In a process known as "third-party billing," a phone company places charges on a consumer's bill for services offered by another company, often receiving a substantial percentage of the amount charged. When the charges are placed on the bill without the consumer's authorization, it is known as "cramming."
The FTC's complaint alleges that in some cases, T-Mobile was charging consumers for services that had refund rates of up to 40 percent in a single month. The FTC has alleged that because such a large number of people were seeking refunds, it was an obvious sign to T-Mobile that the charges were never authorized by its customers. As the complaint notes, the refund rate likely significantly understates the percentage of consumers who were crammed. The complaint also states that internal company documents show that T-Mobile had received a high number of consumer complaints at least as early as 2012.
The FTC has made significant efforts to end mobile cramming. In the last year, in addition to holding a public workshop on mobile cramming, the Commission has filed several lawsuits against alleged mobile cramming operations Jesta Digital, Wise Media, and Tatto Inc.According to today's complaint, T-Mobile billed its customers for the services of these FTC defendants as well as an operation sued by the Texas Attorney General.
The complaint against T-Mobile alleges that the company's billing practices made it difficult for consumers to detect that they were being charged, much less by whom. When consumers viewed a summary of their T-Mobile bill online, according to the complaint, it did not show consumers that they were being charged by a third party, or that the charge was part of a recurring subscription. The heading under which the charges would be listed, "Premium Services," could only be seen after clicking on a separate heading called "Use Charges." Even after clicking, though, consumers still could not see the individual charges.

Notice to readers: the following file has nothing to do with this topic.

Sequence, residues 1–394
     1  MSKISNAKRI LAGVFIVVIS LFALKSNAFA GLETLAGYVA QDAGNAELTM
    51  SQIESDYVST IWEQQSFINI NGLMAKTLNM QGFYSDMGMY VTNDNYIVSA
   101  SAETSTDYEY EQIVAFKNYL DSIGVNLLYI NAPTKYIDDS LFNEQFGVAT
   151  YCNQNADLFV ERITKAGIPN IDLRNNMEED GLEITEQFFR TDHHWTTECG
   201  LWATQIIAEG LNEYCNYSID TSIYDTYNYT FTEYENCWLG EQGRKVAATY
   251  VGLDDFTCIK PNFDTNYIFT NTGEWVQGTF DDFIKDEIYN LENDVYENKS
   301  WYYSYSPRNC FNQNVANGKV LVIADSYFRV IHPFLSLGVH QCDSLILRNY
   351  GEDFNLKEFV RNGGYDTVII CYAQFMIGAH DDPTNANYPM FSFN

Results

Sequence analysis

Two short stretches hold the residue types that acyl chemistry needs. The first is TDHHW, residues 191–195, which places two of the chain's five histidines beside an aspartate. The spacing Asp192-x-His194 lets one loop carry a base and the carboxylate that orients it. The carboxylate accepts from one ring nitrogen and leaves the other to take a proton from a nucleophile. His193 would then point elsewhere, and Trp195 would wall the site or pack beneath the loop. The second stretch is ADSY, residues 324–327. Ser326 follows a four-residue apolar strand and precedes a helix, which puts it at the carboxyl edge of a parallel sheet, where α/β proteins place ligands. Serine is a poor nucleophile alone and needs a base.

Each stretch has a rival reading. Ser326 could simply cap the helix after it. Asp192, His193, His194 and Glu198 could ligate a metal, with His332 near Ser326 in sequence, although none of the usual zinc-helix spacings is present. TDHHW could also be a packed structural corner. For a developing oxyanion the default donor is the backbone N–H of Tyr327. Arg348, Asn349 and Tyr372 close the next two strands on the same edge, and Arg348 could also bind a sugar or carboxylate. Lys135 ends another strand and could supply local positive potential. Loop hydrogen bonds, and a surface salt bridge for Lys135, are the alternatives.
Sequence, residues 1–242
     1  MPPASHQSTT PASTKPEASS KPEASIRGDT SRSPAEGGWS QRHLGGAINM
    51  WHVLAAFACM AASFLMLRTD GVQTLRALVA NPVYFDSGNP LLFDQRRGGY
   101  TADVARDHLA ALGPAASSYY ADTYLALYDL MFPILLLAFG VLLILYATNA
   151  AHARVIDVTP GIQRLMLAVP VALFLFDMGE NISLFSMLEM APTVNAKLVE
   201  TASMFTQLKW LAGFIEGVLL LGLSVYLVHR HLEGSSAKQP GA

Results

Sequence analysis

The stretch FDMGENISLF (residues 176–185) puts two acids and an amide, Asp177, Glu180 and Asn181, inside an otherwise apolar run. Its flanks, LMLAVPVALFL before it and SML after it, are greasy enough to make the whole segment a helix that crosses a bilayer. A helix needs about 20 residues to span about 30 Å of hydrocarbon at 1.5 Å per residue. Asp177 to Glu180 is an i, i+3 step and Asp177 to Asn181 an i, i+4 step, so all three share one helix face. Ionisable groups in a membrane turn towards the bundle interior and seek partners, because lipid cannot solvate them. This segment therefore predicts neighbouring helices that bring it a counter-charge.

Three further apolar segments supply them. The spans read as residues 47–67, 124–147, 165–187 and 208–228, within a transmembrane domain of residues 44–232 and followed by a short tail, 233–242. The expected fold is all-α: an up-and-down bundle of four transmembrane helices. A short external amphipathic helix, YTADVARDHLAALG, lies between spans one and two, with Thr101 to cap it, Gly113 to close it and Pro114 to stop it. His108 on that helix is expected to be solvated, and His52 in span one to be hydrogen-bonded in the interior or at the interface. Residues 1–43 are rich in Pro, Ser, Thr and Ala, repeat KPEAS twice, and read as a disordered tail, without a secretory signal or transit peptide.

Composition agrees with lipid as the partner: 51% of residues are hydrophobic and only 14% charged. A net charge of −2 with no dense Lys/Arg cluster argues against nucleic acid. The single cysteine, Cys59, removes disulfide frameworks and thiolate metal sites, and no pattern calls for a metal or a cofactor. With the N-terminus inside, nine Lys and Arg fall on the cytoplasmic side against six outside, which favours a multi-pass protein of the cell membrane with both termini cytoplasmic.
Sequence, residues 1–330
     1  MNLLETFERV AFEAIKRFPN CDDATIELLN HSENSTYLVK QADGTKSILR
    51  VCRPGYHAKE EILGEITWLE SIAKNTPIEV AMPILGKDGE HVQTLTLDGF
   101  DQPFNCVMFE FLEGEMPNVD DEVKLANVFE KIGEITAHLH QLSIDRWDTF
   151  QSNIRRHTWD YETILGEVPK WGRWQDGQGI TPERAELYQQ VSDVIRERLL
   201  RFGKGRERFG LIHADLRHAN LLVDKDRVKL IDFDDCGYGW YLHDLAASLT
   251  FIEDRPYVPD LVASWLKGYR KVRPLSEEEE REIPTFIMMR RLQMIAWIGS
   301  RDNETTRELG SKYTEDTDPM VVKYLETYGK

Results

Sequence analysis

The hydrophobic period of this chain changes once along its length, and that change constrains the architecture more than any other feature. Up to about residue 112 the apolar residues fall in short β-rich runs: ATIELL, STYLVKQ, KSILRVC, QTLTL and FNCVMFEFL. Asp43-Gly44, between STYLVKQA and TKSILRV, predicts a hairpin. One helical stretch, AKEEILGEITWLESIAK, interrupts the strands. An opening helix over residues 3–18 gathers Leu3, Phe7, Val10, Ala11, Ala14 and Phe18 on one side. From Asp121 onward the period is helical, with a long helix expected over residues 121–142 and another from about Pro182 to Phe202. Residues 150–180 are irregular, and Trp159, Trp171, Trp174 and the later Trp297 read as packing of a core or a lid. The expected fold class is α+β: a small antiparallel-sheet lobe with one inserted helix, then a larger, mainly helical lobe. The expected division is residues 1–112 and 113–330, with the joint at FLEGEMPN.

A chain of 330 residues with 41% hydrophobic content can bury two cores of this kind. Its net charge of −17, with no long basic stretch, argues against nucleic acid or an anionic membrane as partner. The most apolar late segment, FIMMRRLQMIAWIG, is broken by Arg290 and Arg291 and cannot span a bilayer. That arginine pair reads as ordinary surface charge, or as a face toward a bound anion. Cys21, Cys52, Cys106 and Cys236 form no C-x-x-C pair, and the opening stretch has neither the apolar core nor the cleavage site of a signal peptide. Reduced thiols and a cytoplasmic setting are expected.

The complaint also alleges that T-Mobile's full phone bills, which can be longer than 50 pages, made it nearly impossible for consumers to find and understand third-party subscription charges. After looking past a "Summary" section as well as an "Account Service Detail" section, both of which described "Usage Charges" but did not itemize those charges, a consumer might then reach the section labeled "Premium Services," where the crammed items would be listed.
According to the complaint, the information would be listed there in an abbreviated form, such as "8888906150BrnStorm23918," that did not explain that the charge was for a recurring third-party subscription supposedly authorized by the consumer. In addition, the complaint notes that consumers who use pre-paid calling plans do not receive monthly bills, and as a result the subscription fee was debited from their pre-paid account without their knowledge.
When consumers were able to determine they were being charged for services they hadn't ordered, the complaint alleges that T-Mobile in many cases failed to provide consumers with full refunds. Indeed, the FTC charged that T-Mobile refused refunds to some customers, offering only partial refunds of two months' worth of the charges to others, and in other cases instructed consumers to seek refunds directly from the scammers – without providing accurate contact information to do so.
The complaint also notes that in some cases, T-Mobile claimed that consumers had authorized the charges despite having no proof of consumers doing so.
The FTC's complaint seeks a court order to permanently prevent T-Mobile from engaging in mobile cramming and to obtain refunds for consumers and disgorgement of T-Mobile's ill-gotten gains.
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Consequences? A fed-funded fine? Cost of doing business we presume...